Massachusetts is a beacon of equality and justice. It's time that we live up to those values by taking action on equal pay, women in leadership and women's health.
Yesterday, I testified before the Joint Committee on Labor and Workforce Development in strong support of my Women on Boards Resolution and the Equal Pay Bill, bills to encourage equitable and diverse gender representation on boards of directors in Massachusetts and to help bridge the gender wage gap.
I also testified before the Joint Committee on Financial Services on my bill to protect access to confidential health care, the PATCH Act.
Women on Boards
The Women on Boards Resolution is a non-binding resolution to encourage companies to increase the number of women on their boards of directors and in their senior management ranks. California and Illinois have passed similar resolutions to improve gender diversity on boards in those states.
We need to help create a pipeline for female leaders and open doors for more women. We need to empower all women to make their voices heard. This is not a women's issue. This is a business issue and an economic development issue. The future of the Massachusetts economy depends on bringing the best talent to the table.
The positive effects of greater diversity on boards are well-documented, yet the representation of women in leadership remains low. Women hold 14.9% of board seats and 11.8% of executive officer positions in the 100 largest public companies in Massachusetts. 24 of these companies have no women on their boards, 46 have no women executive officers and 19 have no women on their boards of directors or in their executive suites.
Thank you to 2020 Women on Boards, the Alliance for Business Leadership and other advocates for your work on this important issue. Thank you especially to local business leaders who joined me at the hearing to share firsthand how their companies have embraced diversity on their boards: Bennie Wiley, President of The Wiley Group; Bob Rivers, President and Chief Operating Officer at Eastern Bank; Javier Barrientos, Senior Director, Global Diversity and Inclusion at Biogen; and Kevin Maggiacomo, President and CEO of Sperry Van Ness.
Immediately following the hearing, the Committee reported favorably on the Women on Boards Resolution, moving the bill along in the legislative process.
Equal pay for equal work should be a no brainer. Women working hard to support their families deserve fair pay. It is time for action to bridge the gender wage gap and ensure equal pay. It is time for equality and opportunity for all women.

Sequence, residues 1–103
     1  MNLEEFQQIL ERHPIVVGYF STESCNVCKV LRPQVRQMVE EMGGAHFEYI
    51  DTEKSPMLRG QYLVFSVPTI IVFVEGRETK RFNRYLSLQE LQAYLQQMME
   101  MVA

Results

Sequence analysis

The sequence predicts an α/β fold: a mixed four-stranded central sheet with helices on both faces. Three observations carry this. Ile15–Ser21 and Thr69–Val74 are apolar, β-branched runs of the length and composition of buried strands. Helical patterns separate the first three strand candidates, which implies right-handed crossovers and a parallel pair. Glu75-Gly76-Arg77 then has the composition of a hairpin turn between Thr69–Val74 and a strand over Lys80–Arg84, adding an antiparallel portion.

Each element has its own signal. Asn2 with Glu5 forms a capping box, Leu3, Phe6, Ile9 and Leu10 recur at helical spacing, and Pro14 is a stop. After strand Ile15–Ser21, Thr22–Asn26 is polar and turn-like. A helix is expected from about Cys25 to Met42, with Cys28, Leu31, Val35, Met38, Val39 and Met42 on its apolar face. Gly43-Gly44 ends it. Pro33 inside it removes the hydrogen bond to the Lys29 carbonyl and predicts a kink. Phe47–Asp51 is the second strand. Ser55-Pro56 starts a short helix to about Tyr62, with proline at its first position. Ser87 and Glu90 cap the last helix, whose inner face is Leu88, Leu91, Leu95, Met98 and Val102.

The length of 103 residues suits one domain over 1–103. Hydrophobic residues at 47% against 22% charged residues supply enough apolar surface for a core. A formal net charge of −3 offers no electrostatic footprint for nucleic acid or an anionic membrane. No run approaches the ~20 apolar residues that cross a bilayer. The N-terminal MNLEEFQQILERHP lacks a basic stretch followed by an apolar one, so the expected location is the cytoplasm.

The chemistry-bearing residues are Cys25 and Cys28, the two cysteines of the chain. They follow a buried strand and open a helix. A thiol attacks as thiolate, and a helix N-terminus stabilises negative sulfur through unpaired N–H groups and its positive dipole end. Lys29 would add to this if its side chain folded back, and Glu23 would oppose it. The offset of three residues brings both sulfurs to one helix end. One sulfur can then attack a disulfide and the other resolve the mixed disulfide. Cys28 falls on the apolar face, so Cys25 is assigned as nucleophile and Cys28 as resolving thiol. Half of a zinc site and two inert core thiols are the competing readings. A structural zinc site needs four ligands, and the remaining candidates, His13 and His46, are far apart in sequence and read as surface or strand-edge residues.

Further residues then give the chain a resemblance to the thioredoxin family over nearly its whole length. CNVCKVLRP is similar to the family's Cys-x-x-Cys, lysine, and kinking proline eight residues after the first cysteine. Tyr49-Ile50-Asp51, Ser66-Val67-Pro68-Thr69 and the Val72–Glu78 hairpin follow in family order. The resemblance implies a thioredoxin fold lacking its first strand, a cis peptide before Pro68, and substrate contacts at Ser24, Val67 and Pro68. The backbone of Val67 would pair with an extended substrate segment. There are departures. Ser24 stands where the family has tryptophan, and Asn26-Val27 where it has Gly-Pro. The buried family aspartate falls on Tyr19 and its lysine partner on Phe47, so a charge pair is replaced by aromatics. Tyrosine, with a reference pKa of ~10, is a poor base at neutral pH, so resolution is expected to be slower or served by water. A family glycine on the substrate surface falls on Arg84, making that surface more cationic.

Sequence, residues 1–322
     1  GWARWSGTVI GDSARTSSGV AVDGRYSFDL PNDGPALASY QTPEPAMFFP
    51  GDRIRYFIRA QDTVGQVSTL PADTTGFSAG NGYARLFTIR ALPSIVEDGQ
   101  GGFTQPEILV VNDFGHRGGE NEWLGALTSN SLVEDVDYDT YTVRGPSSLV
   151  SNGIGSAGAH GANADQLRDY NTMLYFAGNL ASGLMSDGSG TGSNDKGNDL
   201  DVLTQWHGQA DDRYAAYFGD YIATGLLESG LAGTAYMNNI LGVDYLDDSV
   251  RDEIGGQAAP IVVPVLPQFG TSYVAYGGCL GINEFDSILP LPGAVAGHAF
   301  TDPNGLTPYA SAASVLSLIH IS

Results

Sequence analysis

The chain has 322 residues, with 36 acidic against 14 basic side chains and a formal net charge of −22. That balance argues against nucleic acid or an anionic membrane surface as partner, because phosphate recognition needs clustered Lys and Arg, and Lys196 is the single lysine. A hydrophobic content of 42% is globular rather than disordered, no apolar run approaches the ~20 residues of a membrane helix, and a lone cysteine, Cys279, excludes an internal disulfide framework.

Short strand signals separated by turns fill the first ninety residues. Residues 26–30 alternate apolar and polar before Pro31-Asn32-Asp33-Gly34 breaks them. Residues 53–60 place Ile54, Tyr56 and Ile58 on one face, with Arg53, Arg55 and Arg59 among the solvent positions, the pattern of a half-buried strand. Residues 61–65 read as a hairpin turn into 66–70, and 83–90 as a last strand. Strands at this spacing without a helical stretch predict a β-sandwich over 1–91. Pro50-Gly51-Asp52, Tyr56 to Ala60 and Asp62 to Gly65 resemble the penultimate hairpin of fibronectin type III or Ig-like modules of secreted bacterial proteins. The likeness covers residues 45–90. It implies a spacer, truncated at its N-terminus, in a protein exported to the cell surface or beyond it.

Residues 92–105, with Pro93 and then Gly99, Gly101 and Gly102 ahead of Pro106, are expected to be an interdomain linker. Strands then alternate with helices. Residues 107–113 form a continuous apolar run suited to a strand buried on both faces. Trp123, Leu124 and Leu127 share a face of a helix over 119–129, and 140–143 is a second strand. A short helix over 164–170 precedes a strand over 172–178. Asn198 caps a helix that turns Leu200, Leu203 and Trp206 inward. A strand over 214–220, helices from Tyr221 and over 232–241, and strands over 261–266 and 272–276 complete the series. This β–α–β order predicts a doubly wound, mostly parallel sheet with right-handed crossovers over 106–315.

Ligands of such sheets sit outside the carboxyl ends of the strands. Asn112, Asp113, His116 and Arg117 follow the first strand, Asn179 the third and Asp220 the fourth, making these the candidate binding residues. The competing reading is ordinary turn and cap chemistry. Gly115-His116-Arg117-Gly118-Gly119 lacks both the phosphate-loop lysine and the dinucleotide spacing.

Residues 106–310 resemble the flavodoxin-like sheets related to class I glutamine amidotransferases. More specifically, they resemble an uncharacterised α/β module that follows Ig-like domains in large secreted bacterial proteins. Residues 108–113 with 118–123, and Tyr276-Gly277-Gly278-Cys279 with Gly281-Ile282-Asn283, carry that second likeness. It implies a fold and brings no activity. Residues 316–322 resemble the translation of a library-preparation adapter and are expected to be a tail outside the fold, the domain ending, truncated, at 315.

In Massachusetts, women who work full time earn approximately 80.8% of men's earnings. A report by the Institute for Women's Policy Research projects that the gender wage gap will not close on its own until 2058.
In the mid-1980s, one of my first jobs was in the state's Office of Employee Relations working on the issues of comparable worth and pay equity. It's very disappointing that almost thirty years later, we still have work to do on these issues. If we do nothing, a girl born today would be 43 years old when the pay gap finally closes. That is nearly 70 years of inequality and injustice.
The Equal Pay Bill seeks to bridge the wage gap in three main ways: ensure equal pay for comparable work, establish pay transparency and require fairness in hiring practices.
In advance of the hearing, I joined Attorney General Maura Healey, State Treasurer Deb Goldberg, legislators, the Massachusetts Caucus of Women Legislators and the Equal Pay Coalition at a rally to highlight the importance of the Equal Pay Bill.
The Joint Committee on Financial Services heard testimony on a variety of bills related to women's health, including my PATCH Act, which aims to protect patient confidentiality by requiring personal health information on Explanation of Benefits forms to be sent directly to patients, safeguarding the privacy of people who are dependents on another person's health plan.
Patient confidentiality is a foundational element of the patient-provider relationship. Unfortunately, victims of abuse or minors are often reluctant to seek certain types of treatment, fearing that their abuser or parent will learn these details. This bill would ensure that all patients have confidential access to the health care they need.